I always begin reading such factual works by studying the illustrations in order to get a feel for the product. In this instance, I spent almost 30 minutes just reading the captions and comparing them to the relevant image. There are 84 historic photographs arranged together in 2 areas and another selection of 12 pictures which are works of art reproduced in colour. Whilst some of these are portraits of Churchill, others reveal his own skills with a paintbrush.
This is a comprehensive work on one of the greatest statesmen of all time. Consequently, I would suggest would-be students of Churchill ensure this work is elevated to the top of their list as far as their own studies are concerned.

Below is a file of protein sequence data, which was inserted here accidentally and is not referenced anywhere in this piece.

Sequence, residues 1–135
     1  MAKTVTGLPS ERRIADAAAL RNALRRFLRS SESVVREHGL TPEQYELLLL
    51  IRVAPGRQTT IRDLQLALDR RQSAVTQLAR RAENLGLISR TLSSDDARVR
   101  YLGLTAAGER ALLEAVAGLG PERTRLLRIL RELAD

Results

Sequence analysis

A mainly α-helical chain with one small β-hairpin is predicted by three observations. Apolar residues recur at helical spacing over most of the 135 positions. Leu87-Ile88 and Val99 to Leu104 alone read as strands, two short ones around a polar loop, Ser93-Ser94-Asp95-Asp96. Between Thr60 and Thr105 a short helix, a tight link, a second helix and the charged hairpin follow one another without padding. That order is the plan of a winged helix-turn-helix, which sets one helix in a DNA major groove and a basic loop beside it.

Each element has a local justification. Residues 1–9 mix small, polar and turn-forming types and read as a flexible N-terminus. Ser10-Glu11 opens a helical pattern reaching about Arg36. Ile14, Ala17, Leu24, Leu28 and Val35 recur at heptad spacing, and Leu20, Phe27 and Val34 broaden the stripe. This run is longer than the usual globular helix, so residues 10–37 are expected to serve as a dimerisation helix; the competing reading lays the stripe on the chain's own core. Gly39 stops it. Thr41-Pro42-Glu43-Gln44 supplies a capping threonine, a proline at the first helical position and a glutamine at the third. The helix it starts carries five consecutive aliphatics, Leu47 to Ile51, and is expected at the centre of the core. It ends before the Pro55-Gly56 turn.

Jenkins, as another reviewer writes, is fond of public school French and Latin and can come across as pretentious, but he is even positively risible in some places: - I can stomach his preference for 'nepotic' over the more common 'nepotistic', but to describe a woman as 'uxorious' towards her husband is downright stupid. The Canadian prime-minister is described as a 'tertium quid'. This can have various possible meanings, especially in the context of American political history (see Wiki), and it's not clear which Jenkins intends. If he meant a third wheel (or gooseberry, if you prefer), he should have said so; and if he meant something cleverer than that, he should have said it in English. He uses the verb "resile" at least half a dozen times. I wonder if he ever used it in conversation.